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acid actinism action affinities Africa alizarin ancient appears Bagnon Bengali Benin Berber Bornu British Association Caffre carbonic acid cells cellular Celtic centre character colour Committee Corana crust curve David Brewster determined dialects diam direction distinct earth Egyptian Egyptian language elevation English exhibited existence experiments external fact fissures fluid formation Fulah Galla German grammatical heat Helstone horizontal Howssa India influence John Karaba Kossa languages layer Limerick London magnetic Makua Mandingo mass matter means nations º º º observations oolite origin particles phaenomena philology plates portion present principle produced Prof Professor propagated Qamamyl quantity race Ramsgate rays remarkable Report roots Rungo Sanscrit Semitic Sereres shell solid species specific gravity Stornoway structure sunr supposed surface Susu temperature theory thickness tion transverse tribes velocity verb vibrations vocabulary Wakamba wave William Woloff words
Seite 302 - The Sanskrit language, whatever be its antiquity, is of a wonderful structure; more perfect than the Greek, more copious than the Latin, and more exquisitely refined than either, yet bearing to both of them a stronger affinity, both in the roots of verbs and in the forms of grammar, than could possibly have been produced by accident; so strong indeed, that no philologer could examine them all three, without believing them to have sprung from some common source, which, perhaps, no longer exists...
Seite xlvi - I repeat this statement ; and add again, that it is enough for me to be allowed to call such men my friends. My own avocations in later years have withdrawn me, as I have said, from the active pursuits of science ; yet it was necessary for me to attempt some review of its later progress. I will only add my firm belief, that every advance in our knowledge of the natural world will, if rightly directed by the spirit of true humility, and with a prayer for GOD'S blessing, advance us in our knowledge...
Seite 137 - Harris, Report on the Progress of Meteorological Observations at Plymouth ; — Second Report of a Committee appointed to make Experiments on the Growth and Vitality of Seeds; — C.
Seite xxiii - Animals 200 £1235 10 11 1842. Dynamometric Instruments... 113 11 2 Anoplura Britannia; 52 12 0 Tides at Bristol 59 8 0 Gases on Light 30 14 7 Chronometers 26 17 6 Marine Zoology 1 5 0 British Fossil Mammalia 100 0 0 Statistics of Education 20 0 0 Marine Steam-vessels' Engines 28 0 0 Stars (Histoire Celeste) 59 0 0 Stars (Brit.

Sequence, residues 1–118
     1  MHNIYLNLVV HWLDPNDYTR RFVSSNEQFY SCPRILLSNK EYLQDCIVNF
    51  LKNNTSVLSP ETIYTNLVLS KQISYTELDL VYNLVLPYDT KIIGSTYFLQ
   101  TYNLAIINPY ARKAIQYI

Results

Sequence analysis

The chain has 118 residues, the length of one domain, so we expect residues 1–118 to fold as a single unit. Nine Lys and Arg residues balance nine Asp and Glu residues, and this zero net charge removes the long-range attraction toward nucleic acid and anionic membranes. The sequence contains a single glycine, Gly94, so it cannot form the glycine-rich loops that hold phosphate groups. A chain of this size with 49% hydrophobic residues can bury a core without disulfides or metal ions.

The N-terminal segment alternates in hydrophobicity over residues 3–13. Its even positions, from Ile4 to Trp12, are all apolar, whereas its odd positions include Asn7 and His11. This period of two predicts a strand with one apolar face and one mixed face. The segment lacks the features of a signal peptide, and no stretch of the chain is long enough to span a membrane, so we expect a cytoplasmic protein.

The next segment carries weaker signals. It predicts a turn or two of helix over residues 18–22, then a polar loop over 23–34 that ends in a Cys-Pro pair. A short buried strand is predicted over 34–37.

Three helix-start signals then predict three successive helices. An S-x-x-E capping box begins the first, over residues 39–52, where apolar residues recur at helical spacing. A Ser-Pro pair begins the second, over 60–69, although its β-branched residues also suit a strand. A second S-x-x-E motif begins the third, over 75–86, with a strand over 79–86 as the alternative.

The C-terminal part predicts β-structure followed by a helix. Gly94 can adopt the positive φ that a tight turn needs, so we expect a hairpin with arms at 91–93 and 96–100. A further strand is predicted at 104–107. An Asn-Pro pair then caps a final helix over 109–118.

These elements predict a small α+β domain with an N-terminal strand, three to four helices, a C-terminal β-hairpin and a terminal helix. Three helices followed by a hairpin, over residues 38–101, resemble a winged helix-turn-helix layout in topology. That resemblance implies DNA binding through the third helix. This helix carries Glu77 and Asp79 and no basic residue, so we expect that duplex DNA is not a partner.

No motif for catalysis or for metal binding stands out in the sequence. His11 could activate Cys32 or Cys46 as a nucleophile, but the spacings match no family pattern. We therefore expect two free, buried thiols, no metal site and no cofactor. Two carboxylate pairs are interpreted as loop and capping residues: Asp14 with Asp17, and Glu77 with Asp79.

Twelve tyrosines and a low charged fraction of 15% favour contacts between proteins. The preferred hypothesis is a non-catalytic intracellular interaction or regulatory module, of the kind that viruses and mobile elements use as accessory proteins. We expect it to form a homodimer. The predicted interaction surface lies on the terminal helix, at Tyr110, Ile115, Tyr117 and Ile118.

Seite 305 - ... who would take a view of human knowledge in the whole extent of it. And, perhaps, if they were distinctly weighed and duly considered, they would afford us another sort of logic and critic than what we have been hitherto acquainted with.
Seite 311 - Sanskrit), its difficulties must long continue to prevent such an examination of the whole Vedas, as would be requisite for extracting all that is remarkable and important in those voluminous works. But they well deserve to be occasionally consulted by the Oriental scholar.
Seite xxxvii - Shakspeare as to the corporal sufferance of the beetle trod upon be not litererally accurate — yet who is entitled to affirm the contrary ? — this, I think, is clear, that the child who is indulged in mutilating or killing an insect for his own pleasure, has learnt the first lesson of inhumanity to his own species.
Seite 327 - XV. 215 (1866), the great importance of the Vedic vayodhai for unravelling the formation of Greek infinitives in The Infinitive in Bengali. At a still earlier time, in 1847, in my ' Essay on Bengali,' I said : ' As the infinitives of the Indo-Germanic languages must be regarded as the absolute cases of a verbal noun, it is probable. that in Bengali the infinitive in ite was also originally a locative, which expressed not only local situation, but also movement towards some object, as an end, whether...
Seite iii - To give a stronger impulse and a more systematic direction to scientific inquiry, — to promote the intercourse of those who cultivate Science in different parts of the British Empire, with one another and with foreign philosophers, — to obtain a more general attention to the objects of Science, and a removal of any disadvantages of a public kind which impede its progress.